View Full Version : Egyptair 990
25th Mar 2002, 01:25
The bottom line..
The National Transportation Safety Board determines that the probable cause of the EgyptAir flight 990 accident is the airplane's departure from normal cruise flight and subsequent impact with the Atlantic Ocean as a result of the relief first officer's flight control inputs. The reason for the relief first officer's actions was not determined."
Direct link to the report (http://www.ntsb.gov/publictn/2002/aab0201.htm)
26th Mar 2002, 22:51
Have any Egyptians actually read the transcripts of the cockpit voice recorder tapes from the lost 767? Has anyone there spent time researching the FO's guilt-ridden past and numerous job-related problems?. .. .If so, these people would not vehemently object to the report as they are now! How ridiculous!!!!!!!!!!!!!!!!!!!!!!!!!!!!!!!!!!!!!!!!!!. .. .I realize that suicide is considered taboo in the Islamic religion, but anyone with 1/4 of a brain could figure out what happened. The pilot flipped out and killed 150+ innocent people along for the ride. . .. .Don't get me wrong, I am not racist and I have no ill-will toward Egyptians. Being culturally-sensitive is important. However, this refusal to face the FACTS is upsetting me - and the families of all of the innocent victims. I actually saw that aircraft in JFK the night before it left - it had just arrived from LAX and was due to depart later. Spooky......... .. .Any irrational Egyptians want to respond????????????????? Did you read the transcript, or do you think it was fake? . .. .Let's face the FACTS and move on..........
27th Mar 2002, 06:44
"Suicide considered taboo in the Islamic religion?". .. .That theory went out the window on September 11.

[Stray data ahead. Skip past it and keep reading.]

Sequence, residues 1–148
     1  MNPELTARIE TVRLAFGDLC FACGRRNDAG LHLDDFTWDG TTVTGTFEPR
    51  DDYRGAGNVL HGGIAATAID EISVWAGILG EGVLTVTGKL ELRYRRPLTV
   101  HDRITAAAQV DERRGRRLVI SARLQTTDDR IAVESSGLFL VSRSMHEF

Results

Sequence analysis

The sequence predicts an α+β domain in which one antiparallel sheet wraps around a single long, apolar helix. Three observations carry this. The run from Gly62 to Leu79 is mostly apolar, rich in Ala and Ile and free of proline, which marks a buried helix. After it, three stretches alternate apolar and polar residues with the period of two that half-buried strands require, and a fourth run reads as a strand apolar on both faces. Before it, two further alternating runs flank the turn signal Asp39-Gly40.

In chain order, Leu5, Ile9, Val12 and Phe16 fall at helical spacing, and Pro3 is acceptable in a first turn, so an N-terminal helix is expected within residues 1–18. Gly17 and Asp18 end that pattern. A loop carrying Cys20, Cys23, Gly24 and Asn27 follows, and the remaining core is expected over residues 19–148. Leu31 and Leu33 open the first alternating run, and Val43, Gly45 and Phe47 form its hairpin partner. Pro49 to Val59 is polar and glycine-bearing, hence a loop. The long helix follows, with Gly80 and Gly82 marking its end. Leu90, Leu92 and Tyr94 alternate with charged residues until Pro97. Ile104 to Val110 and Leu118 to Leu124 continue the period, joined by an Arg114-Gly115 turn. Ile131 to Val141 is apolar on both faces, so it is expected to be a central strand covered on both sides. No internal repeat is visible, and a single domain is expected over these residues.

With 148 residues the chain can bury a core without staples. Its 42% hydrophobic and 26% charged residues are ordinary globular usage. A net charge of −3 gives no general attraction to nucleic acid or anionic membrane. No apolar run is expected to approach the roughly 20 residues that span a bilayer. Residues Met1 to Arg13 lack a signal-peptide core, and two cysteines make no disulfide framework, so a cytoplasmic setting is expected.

14th Apr 2002, 07:44
i am not an aviation profesional.
i am intrigued by the engines being cut off.
egyptair argues that it proves the first officer innocent since full power would have made a steeper and faster dive?
perhaps the first officer cut out the engines to complicate recovery if the captain came back into the cockpit . i would imagine restaring an engine in a mayhem situation would be difficult.
14th Apr 2002, 14:56
Well idle power wouldn't significantly increase the speed of the dive but shutting down both engines would certainly make the situtation a lot harder to recover. I find it difficult to believe that any trained, competent pilot would deliberately shut down both engines in response to a dive like this.
14th Apr 2002, 21:46
Increase in thrust would, in turn, increase speed and hence lift, causing the nose to rise and the dive to decrease. The cutting of both engines was obviously undertaken to complicate any attempts at recovery.
15th Apr 2002, 23:00
The Egyptians are not interested in the truth, so it doesn't matter what the NTSB says or does not say. Further, saying that suicide is taboo for a Muslim is farsical, as witnessed by recent events, and support by so-called Musliim clerics. Oh, and BTW, those Muslim clerics belong in the same place as the child-molesting Catholic priests.
4th Jan 2004, 17:16
Were enquires made regarding the relief first officer of the Egyptair 990 and if he had any connections with any terrorist organisation?
4th Jan 2004, 23:56
In answer to your question, N_A.
Got a feeling this may be removed....
5th Jan 2004, 01:41
Don't see why this link should be removed, very interesing gen about those military on board, I never knew that. It all goes to prove that these low-life scum will usually go for the easy target . Having passed through LHR today, an easy target it aint, more tooled up coppers than you can shake a stick at, let alone the plain clothes ones.
If these poor french tourists were the target, then it only goes to show that abstaining from a war doesn't make neutral you in the eyes of the terrorists.
Who the hell will want to travel on an arabic airline in the future? a great pity for the vast majority of peaceful folks out there.
Lets keep it safe,
5th Jan 2004, 02:01
This stuff has been posted under the wrong thread.
It needs to be moved and merged
5th Jan 2004, 06:37
My message was posted under the correct thread, I just wondered if the relief first officer of 990 had Al Qaeda connections.